This was the most commented-upon post on my old blog. Spammers trashed the comments.
When I was about seven or eight, I had my first hero. He was an unlikely hero for a kid of seven or eight, but that’s the way it was.
It was in the late fifties. We had just moved back to the Detroit Area, and we listened to CBE, the CBC Radio station in Windsor, Ontario. The morning presenter was a man named Alex Pavlini. Alex, as we referred to him around the house, was a zany character who played everything from classical music to pipe bands (at six-thirty AM, obviously, Alex was of the opinion that if he was up, we should be, too), to the Weavers (banned in the United States) to rather formal arrangements of folk songs. Although he was in his twenties, one could be forgiven listening to him for thinking that he was much older. He had a decidedly British accent.
Alex did truly zany things on air. He would sometimes pick up and strum an out-of-tune banjo (not trying to play anything) and once, he produced a piece of radio drama about the first Canadian satellite, which was launched from Windsor and orbited the globe on the top of Detroit’s Penobscot Building (then the tallest building in Detroit). He would juxtapose seemingly unrelated pieces of music.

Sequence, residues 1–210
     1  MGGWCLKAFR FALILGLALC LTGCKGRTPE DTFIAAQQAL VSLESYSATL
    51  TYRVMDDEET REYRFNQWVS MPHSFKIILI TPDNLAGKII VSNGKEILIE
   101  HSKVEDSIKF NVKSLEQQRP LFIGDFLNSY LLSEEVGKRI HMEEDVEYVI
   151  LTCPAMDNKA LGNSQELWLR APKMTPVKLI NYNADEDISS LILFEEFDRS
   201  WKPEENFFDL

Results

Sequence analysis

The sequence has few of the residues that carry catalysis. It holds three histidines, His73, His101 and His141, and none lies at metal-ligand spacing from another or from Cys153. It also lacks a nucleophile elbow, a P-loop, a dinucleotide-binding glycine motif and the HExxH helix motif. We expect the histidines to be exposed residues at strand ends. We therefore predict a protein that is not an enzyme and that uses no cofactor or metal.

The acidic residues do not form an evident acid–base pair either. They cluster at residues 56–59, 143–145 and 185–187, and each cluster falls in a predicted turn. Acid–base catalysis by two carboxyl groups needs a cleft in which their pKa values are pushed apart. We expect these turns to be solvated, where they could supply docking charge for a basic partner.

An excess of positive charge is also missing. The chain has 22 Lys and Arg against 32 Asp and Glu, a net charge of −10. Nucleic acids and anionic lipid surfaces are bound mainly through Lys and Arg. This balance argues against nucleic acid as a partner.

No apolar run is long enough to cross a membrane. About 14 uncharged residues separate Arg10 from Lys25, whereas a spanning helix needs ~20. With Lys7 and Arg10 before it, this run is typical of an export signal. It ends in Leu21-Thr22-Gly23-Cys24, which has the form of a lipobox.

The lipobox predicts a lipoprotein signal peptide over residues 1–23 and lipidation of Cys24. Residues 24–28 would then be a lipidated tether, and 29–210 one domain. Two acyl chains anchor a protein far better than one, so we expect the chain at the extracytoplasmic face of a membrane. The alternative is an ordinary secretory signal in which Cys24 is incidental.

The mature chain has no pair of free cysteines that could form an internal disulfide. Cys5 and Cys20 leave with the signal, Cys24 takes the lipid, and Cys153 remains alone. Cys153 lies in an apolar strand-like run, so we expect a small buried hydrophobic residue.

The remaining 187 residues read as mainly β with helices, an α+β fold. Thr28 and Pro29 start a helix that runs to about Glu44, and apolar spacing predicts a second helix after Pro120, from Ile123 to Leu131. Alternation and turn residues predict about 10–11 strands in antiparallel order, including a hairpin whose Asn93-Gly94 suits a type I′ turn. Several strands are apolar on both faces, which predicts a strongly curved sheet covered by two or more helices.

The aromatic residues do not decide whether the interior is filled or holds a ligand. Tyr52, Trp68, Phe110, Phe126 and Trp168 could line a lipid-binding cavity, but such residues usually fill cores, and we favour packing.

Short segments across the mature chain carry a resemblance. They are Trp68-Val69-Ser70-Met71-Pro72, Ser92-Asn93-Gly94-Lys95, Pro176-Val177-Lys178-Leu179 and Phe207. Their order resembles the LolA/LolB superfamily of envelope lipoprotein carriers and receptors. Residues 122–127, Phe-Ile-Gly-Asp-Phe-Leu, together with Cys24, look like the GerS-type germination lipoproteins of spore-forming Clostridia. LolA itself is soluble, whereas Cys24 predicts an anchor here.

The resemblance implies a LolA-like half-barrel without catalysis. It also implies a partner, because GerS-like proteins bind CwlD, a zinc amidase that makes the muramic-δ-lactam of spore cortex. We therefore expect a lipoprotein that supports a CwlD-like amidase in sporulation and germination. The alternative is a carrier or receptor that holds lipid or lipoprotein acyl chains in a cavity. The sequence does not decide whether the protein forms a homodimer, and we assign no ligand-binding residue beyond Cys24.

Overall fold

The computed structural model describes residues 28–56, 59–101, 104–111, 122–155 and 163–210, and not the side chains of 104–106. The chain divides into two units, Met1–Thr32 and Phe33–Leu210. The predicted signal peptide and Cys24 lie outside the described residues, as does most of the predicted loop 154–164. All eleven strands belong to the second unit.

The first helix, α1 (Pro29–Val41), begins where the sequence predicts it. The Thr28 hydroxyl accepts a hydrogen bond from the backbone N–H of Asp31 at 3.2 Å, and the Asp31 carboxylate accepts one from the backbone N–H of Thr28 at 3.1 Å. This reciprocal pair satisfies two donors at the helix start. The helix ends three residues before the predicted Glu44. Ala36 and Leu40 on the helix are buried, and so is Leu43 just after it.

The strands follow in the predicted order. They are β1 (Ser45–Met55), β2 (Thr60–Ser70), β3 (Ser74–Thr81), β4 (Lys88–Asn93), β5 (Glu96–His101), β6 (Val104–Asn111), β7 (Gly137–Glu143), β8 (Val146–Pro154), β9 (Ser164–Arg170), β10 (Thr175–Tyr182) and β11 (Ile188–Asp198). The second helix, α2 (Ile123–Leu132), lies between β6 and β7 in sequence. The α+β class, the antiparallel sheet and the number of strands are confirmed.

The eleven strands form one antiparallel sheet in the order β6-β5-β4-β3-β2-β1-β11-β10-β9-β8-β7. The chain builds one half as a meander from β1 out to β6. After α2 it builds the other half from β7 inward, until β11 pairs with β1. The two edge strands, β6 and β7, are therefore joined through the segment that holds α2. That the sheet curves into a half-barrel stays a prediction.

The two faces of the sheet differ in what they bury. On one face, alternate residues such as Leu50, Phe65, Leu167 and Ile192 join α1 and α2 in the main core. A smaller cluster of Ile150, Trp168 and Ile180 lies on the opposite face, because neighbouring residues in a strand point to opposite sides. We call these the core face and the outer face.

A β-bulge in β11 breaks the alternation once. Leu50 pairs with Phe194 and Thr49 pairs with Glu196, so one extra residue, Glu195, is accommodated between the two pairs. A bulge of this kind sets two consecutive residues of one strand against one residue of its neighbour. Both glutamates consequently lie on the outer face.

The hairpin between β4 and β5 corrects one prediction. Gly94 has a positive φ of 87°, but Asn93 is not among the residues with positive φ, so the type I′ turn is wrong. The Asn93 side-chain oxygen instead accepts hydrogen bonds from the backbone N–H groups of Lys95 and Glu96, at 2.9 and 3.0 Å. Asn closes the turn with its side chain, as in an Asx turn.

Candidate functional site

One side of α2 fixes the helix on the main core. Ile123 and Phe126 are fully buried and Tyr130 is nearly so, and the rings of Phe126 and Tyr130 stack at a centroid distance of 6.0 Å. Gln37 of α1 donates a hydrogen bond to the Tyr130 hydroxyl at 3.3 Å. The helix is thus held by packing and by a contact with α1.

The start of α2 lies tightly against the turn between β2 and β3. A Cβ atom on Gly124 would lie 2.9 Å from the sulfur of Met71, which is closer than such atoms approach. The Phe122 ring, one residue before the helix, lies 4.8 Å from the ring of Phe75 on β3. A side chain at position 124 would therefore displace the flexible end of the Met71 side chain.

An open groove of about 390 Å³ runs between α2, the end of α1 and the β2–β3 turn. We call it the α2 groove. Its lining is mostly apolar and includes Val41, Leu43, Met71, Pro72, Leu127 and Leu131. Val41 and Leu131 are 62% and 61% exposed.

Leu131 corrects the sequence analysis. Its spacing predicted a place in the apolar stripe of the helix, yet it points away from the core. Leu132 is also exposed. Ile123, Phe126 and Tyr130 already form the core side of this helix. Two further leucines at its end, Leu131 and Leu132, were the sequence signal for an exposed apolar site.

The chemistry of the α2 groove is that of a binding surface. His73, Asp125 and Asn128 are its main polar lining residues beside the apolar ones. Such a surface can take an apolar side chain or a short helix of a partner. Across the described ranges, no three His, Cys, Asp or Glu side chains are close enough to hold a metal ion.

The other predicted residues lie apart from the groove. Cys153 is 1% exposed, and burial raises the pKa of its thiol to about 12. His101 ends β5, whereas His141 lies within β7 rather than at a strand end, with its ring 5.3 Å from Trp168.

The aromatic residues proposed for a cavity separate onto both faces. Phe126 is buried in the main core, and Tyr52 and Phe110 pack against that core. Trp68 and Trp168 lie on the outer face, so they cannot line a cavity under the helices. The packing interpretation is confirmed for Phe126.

Alex had other shows on the radio throughout the day. On one, he’d often read a book aloud. One of his favourites to read was The Wind in the Willows which, to this day, is my favourite book. I remember being sick one time and hearing part of it read over the course of my illness. I think it was things like that that made me hate going to school, which was far less interesting that what I heard on the radio.
Alex Pavlini, then, introduced me to music, and my favourite book. I enjoyed his antics all the way up until we moved away, to San Francisco, and then to Chicago. I didn’t hear him after we moved.
When I was contemplating going to university, I considered Canadian institutions. One was the University of Windsor. I wrote for their calendar, and leafing through it, found a mention of an “Alex Pavlini Memorial Bursary”. So, Alex had died. My many efforts have never led me to finding out what happened to him. Indeed, in looking at the online calendar for University of Windsor a few years ago, I discovered that they no longer have such a bursary. I expect that they consolidated a lot of smaller bursaries or something like that.